The last sighting of a myrtle warbler in the US is thought to have been in 2014
© Stevie Clarke/SWNSThe last sighting of a myrtle warbler in the US is thought to have been in 2014
A tiny rare bird not seen in the British Isles for a decade has caused a flap in the world of birders - after one appeared in an Ayrshire garden.

A myrtle warbler - a relative of the yellow-rumped warbler - has been frequenting a Kilwinning garden for the last week. The bird is native to the US and is only a rare visitor to Britain and Ireland, with the last recorded sighting on mainland UK thought to have been in 2014 - when one was spotted in County Durham.

There are thought to have been less than 30 sightings of the bird in the UK ever, and the species' latest appearance has attracted hundreds of visitors from as far away as Cornwall. Local amateur photographer and bird fan Stevie Clarke told SWNS his birder friend, Jimmy Crawford, first spotted it last Tuesday (February 20).

"Since then he has kindly allowed bird watchers and photographers to come and see this rare beauty." Mr Clarke had been keen to try and get a few pictures of the rare visitor, and asked his friend if he could put up a "wee perch" for it in the garden.

Their efforts paid off, he said. "I was so excited when the Myrtle warbler posed nicely on it for a few shots."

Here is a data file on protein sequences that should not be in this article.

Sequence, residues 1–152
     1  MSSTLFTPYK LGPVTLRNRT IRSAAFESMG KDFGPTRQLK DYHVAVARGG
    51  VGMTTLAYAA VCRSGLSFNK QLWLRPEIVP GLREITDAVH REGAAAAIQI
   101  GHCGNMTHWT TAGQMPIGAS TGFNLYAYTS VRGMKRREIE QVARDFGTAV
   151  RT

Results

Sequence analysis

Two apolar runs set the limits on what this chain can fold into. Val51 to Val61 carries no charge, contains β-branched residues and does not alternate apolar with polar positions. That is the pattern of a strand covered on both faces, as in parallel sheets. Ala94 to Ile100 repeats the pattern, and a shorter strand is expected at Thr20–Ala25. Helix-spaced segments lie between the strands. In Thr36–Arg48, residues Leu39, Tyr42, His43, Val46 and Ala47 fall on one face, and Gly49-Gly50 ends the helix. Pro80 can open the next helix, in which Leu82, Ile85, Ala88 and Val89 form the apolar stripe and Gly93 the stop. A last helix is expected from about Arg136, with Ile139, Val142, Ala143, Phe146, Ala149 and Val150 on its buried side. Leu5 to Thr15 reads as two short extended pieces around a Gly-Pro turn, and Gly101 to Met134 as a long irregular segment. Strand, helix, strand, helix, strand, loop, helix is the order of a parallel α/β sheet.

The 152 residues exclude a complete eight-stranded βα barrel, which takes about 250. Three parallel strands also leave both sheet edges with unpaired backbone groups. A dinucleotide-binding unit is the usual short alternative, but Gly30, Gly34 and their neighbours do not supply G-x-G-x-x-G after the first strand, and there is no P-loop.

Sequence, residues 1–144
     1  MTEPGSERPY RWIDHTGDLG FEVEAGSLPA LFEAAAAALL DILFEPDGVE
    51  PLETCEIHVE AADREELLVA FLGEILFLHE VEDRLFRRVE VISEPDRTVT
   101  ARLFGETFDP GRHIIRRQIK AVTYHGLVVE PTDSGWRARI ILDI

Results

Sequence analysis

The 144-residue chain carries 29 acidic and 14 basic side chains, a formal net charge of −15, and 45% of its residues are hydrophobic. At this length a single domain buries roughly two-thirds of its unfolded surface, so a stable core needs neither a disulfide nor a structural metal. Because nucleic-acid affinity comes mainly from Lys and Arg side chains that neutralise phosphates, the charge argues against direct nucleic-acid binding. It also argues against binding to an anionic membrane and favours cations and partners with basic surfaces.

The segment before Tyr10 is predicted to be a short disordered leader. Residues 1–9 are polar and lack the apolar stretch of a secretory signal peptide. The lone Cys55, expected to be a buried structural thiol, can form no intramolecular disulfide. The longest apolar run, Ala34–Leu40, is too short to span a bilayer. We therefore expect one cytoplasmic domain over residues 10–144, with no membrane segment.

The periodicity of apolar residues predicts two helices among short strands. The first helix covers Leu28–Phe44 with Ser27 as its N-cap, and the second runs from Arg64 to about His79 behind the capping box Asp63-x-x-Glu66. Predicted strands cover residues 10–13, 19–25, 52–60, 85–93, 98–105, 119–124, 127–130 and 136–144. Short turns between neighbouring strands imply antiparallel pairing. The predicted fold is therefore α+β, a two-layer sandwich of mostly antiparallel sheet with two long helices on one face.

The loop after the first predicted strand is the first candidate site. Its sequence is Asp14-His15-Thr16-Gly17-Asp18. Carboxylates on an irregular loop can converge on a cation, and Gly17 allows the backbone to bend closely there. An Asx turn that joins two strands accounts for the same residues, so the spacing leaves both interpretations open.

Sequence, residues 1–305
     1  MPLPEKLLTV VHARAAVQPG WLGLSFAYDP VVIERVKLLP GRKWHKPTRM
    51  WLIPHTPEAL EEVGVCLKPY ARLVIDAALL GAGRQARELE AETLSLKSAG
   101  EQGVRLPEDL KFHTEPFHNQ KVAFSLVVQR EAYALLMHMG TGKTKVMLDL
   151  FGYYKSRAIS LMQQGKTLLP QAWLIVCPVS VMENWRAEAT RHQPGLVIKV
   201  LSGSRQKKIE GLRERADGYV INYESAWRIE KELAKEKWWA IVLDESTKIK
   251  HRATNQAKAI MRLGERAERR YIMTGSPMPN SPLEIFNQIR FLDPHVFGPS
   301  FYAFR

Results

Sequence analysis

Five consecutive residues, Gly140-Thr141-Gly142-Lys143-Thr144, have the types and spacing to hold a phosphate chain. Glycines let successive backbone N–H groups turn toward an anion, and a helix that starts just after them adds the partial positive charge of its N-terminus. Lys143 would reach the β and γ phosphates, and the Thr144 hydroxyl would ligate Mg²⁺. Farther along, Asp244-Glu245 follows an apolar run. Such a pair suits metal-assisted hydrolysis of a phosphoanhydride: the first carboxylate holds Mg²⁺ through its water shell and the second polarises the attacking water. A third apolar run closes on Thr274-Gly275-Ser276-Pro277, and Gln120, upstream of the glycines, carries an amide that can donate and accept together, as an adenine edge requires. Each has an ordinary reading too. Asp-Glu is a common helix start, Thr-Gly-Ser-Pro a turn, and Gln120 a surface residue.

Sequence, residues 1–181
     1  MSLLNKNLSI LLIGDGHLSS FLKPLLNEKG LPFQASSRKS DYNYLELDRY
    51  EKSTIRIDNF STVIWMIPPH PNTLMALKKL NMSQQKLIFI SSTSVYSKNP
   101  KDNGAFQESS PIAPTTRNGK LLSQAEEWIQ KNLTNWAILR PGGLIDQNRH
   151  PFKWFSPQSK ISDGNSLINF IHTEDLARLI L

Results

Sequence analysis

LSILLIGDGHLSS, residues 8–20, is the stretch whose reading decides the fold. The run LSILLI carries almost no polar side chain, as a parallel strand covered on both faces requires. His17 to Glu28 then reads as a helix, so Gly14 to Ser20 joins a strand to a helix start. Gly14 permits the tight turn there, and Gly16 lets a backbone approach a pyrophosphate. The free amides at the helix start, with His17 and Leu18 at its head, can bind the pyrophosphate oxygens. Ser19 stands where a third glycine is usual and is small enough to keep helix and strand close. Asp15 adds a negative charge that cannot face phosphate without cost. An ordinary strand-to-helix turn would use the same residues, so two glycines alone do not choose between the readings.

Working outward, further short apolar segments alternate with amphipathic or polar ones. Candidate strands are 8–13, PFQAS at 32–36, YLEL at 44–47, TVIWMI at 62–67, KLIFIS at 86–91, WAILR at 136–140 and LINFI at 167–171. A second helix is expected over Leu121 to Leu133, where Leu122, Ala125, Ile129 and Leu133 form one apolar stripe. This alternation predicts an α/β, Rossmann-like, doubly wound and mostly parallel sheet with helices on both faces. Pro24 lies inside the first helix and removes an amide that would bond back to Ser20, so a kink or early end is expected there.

Mr Crawford said on Tuesday (27 Feb) that the warbler was still present, and still reeling in the crowds. "One guy arrived here this morning at 7am from Cornwall after a 14-hour drive. Driven up just for this. Now that's dedication," he said. "People have travelled from, Wrexham, Warrington, London, Hull, Carlisle, Aberdeen, Stirling, Plymouth, Peterborough, St Andrews, Isle of Mull, all over really, numbers must be up to about 450."

Myrtle warblers are sometimes considered a subspecies of the yellow-rumped warbler, or their own species, depending on the classification system used. Besides their vivid yellow markings, the birds have browner plumage during the autumn and winter months, which develops into a striking black and white during the breeding season.

Primarily insectivores, the warblers will partake in myrtle berries during the cold season when insects are hibernating - giving the species its name. Yellow-rumped warblers in general are widespread across much of the US and are classified as of least concern b the International Union for Conservation of Nature (IUCN), with numbers in their native lands actually thought to be increasing.

The myrtle warbler is far from the only rare bird to visit the British Isles over the winter months. Back in January, hundreds of birdwatchers flocked to an Essex garden after a northern waterthrush was spotted - only the eighth time one has ever been recorded in the UK.

Migratory birds, including rarer visitors like the waxwing, landed in the UK in higher numbers than usual this year, in their annual search for food during the cold season. Some avid birdwatchers even suspected that the UK was experiencing an irruption - where birds arrive en masse after food sources fail in their native lands - with Britain instead experiencing a potentially record-breaking bumper crop of winter food sources like hawthorn berries.